Sleep and pain, a vicious cycle   March 24th, 2023

Are you experiencing pain? If yes, consider asking the next question: how well did you sleep last night?

The fact that pain interferes with sleep has been documented in many chronic pain populations. Numbers speak for themselves: insomnia - diagnosed with polysomnographic measures - was shown to be prevalent in 72% of adults with chronic pain. Chronic pain patients take longer to fall asleep, have more awakenings and thus spend more time awake during the night in comparison with the general population. Therefore, it is important to question patients with chronic pain about their quality of sleep.

The relationship between sleep and pain is bidirectional. Sleep disturbances themselves can modulate the sensation of pain and evidence suggests a sleep-pain vicious cycle. However, studies on the temporal association between sleep and pain postulate that the pathway leading from chronic pain to poor sleep is not as strong as the pathway leading from poor sleep to increased pain. Furthermore, different mechanisms are involved in the increase of pain following a poor night’s sleep.

Recently, a fMRI study reported that acute sleep deprivation in healthy subjects increases pain reactivity in the primary sensory cortex and reduces activity in the insula and striatum (i.e. brain areas involved in descending pain inhibition). Also, subjects undergoing sleep deprivation report pain at a lower temperature than when sleep-rested. Therefore, sleep loss amplifies the perception of pain.

Moreover, sleep regulates the production of inflammatory cytokines (e.g. TNF-α, IL-1β or IL-6). The latter are involved in the self-maintaining inflammatory responses in people with rheumatoid arthritis or haemophilic arthropathy. An increased concentration of cytokines was found in subjects with sleep deprivation, which is associated with chronic pain.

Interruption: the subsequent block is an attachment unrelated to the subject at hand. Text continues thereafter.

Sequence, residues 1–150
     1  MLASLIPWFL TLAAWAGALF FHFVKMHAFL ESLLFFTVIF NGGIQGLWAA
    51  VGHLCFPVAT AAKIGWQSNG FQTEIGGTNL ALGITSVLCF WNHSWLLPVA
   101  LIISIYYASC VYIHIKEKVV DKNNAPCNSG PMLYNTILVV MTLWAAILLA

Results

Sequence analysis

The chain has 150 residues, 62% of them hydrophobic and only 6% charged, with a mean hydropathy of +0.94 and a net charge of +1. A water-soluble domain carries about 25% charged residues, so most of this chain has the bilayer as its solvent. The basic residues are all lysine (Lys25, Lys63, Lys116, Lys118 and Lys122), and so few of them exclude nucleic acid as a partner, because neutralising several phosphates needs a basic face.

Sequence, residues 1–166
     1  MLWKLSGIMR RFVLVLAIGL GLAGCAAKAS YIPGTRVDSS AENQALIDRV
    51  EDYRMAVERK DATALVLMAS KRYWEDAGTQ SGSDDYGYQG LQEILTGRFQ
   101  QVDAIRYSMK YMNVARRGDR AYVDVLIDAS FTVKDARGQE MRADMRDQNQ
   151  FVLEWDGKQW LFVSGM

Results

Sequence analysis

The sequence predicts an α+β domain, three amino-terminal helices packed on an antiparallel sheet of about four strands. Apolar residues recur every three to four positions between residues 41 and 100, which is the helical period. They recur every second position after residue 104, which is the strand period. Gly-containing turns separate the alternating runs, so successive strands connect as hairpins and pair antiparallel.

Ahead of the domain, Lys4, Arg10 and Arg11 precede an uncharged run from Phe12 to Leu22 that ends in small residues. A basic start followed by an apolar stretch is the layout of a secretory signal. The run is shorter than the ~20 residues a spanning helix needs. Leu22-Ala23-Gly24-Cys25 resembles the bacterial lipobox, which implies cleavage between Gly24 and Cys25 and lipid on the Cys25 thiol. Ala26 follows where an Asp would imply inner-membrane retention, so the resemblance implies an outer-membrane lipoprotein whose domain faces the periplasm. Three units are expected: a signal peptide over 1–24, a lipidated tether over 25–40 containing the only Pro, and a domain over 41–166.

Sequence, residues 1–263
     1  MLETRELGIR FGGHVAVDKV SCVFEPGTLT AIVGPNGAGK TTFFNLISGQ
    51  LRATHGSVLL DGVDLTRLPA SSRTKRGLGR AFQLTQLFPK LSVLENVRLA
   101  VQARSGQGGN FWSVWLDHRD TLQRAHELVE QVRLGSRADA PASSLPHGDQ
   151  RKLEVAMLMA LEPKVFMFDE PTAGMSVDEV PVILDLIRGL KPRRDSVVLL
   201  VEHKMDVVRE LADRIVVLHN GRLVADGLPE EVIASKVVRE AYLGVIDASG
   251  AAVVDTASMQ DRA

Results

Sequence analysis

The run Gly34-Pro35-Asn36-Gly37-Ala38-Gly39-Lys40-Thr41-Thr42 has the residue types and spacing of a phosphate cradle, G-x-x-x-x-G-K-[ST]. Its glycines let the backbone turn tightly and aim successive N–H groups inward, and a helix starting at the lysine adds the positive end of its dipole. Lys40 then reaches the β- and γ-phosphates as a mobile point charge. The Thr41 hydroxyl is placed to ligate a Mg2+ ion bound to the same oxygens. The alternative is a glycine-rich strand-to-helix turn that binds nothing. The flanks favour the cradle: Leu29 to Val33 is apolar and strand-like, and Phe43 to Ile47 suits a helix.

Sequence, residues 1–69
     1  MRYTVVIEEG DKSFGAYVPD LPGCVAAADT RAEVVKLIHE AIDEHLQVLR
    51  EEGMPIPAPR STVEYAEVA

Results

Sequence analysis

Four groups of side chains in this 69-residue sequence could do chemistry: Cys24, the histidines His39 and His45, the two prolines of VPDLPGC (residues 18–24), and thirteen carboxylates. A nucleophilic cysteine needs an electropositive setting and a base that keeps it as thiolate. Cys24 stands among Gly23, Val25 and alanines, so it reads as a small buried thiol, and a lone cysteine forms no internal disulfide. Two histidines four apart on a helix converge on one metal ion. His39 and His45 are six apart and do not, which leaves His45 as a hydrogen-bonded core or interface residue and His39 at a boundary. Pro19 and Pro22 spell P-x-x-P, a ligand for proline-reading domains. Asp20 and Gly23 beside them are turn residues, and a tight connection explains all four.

Those mechanisms show how pain and sleep are closely interlinked. This highlights why evaluating and managing sleep in chronic pain patients is advised in pain management. Today, this is probably more important than ever before, considering the rise of chronic pain conditions and the decline in sleep time in the past decades.

Valérie-Anne Chantrain

Valérie-Anne worked as physiotherapist at the sleep laboratory of the Cliniques universitaires Saint-Luc, Brussels (Belgium). She is now involved in the research project entitled “Gaining insight into the complexity of pain in people with haemophilia” at the University of Antwerp and UCLouvain. Her particular interest and expertise in sleep medicine led her to explore the complex interplay between sleep and pain.

2023Pain in Motion

References and further reading:

1. Mathias JL, Cant ML, Burke ALJ. Sleep disturbances and sleep disorders in adults living with chronic pain: a meta-analysis. Sleep Med 2018; 52: 198-210.

2. Gerhart JI, Burns JW, Post KM, et al. Relationships Between Sleep Quality and Pain-Related Factors for People with Chronic Low Back Pain: Tests of Reciprocal and Time of Day Effects. Ann Behav Med 2017; 51(3): 365-75.

3. Van Looveren E, Bilterys T, Munneke W, et al. The Association between Sleep and Chronic Spinal Pain: A Systematic Review from the Last Decade. J Clin Med 2021; 10(17).

4. Krause AJ, Prather AA, Wager TD, Lindquist MA, Walker MP. The Pain of Sleep Loss: A Brain Characterization in Humans. J Neurosci 2019; 39(12): 2291-300.

5. Kundermann B, Spernal J, Huber MT, Krieg JC, Lautenbacher S. Sleep deprivation affects thermal pain thresholds but not somatosensory thresholds in healthy volunteers. Psychosom Med 2004; 66(6): 932-7.

6. Bjurstrom MF, Olmstead R, Irwin MR. Reciprocal Relationship Between Sleep Macrostructure and Evening and Morning Cellular Inflammation in Rheumatoid Arthritis. Psychosom Med 2017; 79(1): 24-33.

7. Calcaterra I, Iannuzzo G, Dell'Aquila F, Di Minno MND. Pathophysiological Role of Synovitis in Hemophilic Arthropathy Development: A Two-Hit Hypothesis. Front Physiol 2020; 11: 541.

8. Simpson NS, Scott-Sutherland J, Gautam S, Sethna N, Haack M. Chronic exposure to insufficient sleep alters processes of pain habituation and sensitization. Pain 2018; 159(1): 33-40.